The ABCs on NASAA’s Proposed Changes to Financial Performance Representations
On October 1, 2015, the North American Securities Administrators Association (“NASAA”) published 19 proposed Questions and Answers addressing the preparation of financial performance representations (“FPRs”). This proposed “Commentary,” discussed in this article, would likely affect most franchisors that make FPRs in their franchise disclosure documents. Franchisors, franchisees, and other interested parties have until November 2, 2015 to submit comments to NASAA on the proposed Commentary. If no comments are received, the Commentary will likely become law, as written, in 2016.
Some portions of the Commentary will be welcome clarifications that should reduce the number of inconsistent comments franchisors receive from state regulators who review their franchise filings. Others will impose burdensome requirements. We urge you to read the Commentary carefully, and consider commenting on provisions you believe will be problematic for your system. The task force that prepared the Commentary will review every comment received. To the extent you can show that a proposed change will not be of significant benefit to franchisees, or that the cost of complying outweighs the benefits to prospective franchisees, or that a proposed change will likely cause many established franchisors to stop making FPRs, your comments will receive more significant consideration.
Section A of the proposed Commentary is merely a recitation of previously issued questions and answers. They were reprinted by NASAA for information only, and comments on those items will not be considered.
Section B deals with the use of financial information from company-owned outlets, as opposed to franchisee-owned outlets. This section makes clear that company-owned information can be used, but it will require disclosure of franchisee information when a franchisor making an FPR has at least 10 franchisees, and prohibit start-up franchisors from providing more than gross sales information to prospective franchisees.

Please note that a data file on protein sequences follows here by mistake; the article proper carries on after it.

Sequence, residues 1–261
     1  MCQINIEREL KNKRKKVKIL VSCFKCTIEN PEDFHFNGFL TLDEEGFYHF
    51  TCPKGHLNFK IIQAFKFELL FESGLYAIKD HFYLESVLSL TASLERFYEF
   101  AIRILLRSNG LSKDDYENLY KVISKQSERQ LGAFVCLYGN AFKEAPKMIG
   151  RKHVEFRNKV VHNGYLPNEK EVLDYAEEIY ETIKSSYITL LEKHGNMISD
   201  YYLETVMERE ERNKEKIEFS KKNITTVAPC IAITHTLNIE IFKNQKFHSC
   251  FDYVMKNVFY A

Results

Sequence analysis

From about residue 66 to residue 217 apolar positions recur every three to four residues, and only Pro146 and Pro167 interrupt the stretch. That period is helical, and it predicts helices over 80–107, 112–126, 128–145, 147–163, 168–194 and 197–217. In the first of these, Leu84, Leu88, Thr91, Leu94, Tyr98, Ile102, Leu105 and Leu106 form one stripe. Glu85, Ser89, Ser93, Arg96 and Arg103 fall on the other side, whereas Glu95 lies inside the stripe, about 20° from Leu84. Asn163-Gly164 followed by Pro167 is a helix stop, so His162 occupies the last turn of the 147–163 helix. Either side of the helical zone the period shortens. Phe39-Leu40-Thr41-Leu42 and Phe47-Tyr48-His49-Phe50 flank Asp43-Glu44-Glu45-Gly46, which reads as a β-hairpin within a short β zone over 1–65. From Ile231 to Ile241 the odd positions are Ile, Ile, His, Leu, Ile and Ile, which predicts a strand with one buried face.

Section C addresses the use of subsets. For nearly the last decade, franchisors have been able to prepare FPRs based not necessarily on all of their units, but on subsets, such as those in existence for more than one year, or those located in specific geographic markets. This section of the Commentary gives franchisors more direction on preparing these FPRs. It also provides that a subset consisting of only the best performing outlets is not an appropriate subset, unless information is also disclosed for the corresponding units at the low end of the spectrum.
Section D deals with the use of averages and outliers. Q and A 19.15 requires that whenever an average is given, the median must also be disclosed in order to avoid having a number of very strong locations present a misleading picture as to where the more typical units might fall. Q and A 19.16 requires franchisors that disclose information only for units that have been open for at least one full year, a common subset, to disclose the number of units that closed within their first year of operation for each year covered in the FPR. Q and A 19.7 prohibits presentation of a subset consisting of only high-grossing outlets that are not representative of the other outlets in the system.
Section E covers forecasts and projections. It makes clear that projections must be based on historical data from the brand offered and not on hypotheticals or results in other systems.
Finally, Section F addresses disclaimers. It clarifies the one disclaimer that can be used, and the manner in which it must appear. This portion of the Commentary should help franchisors avoid problems they have had in the past with states imposing different requirements as to the manner in which the mandated disclaimer appears.
We will be addressing with our clients how the Commentary will affect the FPRs they have in their current Item 19 disclosures. Other franchisors should immediately seek counsel to review the Commentary and their current Item 19, so that they can have input on the Commentary. Indeed, if you wait for the Commentary to become final, you may be forced to make changes to your FPRs that will render them less useful to prospective franchisees, or you may find that you cannot even prepare a meaningful FPR that complies with the new requirements.
Click here for the Commentary.